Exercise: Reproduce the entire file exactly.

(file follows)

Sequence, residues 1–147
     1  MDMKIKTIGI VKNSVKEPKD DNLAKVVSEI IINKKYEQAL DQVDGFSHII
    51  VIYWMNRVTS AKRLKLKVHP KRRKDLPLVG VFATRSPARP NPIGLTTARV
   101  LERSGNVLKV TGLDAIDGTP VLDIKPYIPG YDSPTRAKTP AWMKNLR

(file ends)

Sequence, residues 1–147
     1  MDMKIKTIGI VKNSVKEPKD DNLAKVVSEI IINKKYEQAL DQVDGFSHII
    51  VIYWMNRVTS AKRLKLKVHP KRRKDLPLVG VFATRSPARP NPIGLTTARV
   101  LERSGNVLKV TGLDAIDGTP VLDIKPYIPG YDSPTRAKTP AWMKNLR